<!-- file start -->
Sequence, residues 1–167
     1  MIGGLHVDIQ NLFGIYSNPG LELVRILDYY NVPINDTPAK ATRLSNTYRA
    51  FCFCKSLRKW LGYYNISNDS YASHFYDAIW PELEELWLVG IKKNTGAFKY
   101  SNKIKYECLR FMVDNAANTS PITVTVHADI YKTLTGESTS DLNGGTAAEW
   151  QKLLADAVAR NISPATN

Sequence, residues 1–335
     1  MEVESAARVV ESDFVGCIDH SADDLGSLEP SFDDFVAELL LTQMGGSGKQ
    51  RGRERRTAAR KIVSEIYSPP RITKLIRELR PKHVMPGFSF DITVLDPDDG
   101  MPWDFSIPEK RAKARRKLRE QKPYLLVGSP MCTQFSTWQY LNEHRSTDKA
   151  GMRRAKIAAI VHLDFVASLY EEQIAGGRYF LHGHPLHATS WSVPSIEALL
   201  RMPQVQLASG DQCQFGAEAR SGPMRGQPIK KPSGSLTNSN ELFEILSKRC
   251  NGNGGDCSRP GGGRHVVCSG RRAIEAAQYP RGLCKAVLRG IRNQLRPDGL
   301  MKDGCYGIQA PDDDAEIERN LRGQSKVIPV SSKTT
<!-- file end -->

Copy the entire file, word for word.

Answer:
Sequence, residues 1–167
     1  MIGGLHVDIQ NLFGIYSNPG LELVRILDYY NVPINDTPAK ATRLSNTYRA
    51  FCFCKSLRKW LGYYNISNDS YASHFYDAIW PELEELWLVG IKKNTGAFKY
   101  SNKIKYECLR FMVDNAANTS PITVTVHADI YKTLTGESTS DLNGGTAAEW
   151  QKLLADAVAR NISPATN

Sequence, residues 1–335
     1  MEVESAARVV ESDFVGCIDH SADDLGSLEP SFDDFVAELL LTQMGGSGKQ
    51  RGRERRTAAR KIVSEIYSPP RITKLIRELR PKHVMPGFSF DITVLDPDDG
   101  MPWDFSIPEK RAKARRKLRE QKPYLLVGSP MCTQFSTWQY LNEHRSTDKA
   151  GMRRAKIAAI VHLDFVASLY EEQIAGGRYF LHGHPLHATS WSVPSIEALL
   201  RMPQVQLASG DQCQFGAEAR SGPMRGQPIK KPSGSLTNSN ELFEILSKRC
   251  NGNGGDCSRP GGGRHVVCSG RRAIEAAQYP RGLCKAVLRG IRNQLRPDGL
   301  MKDGCYGIQA PDDDAEIERN LRGQSKVIPV SSKTT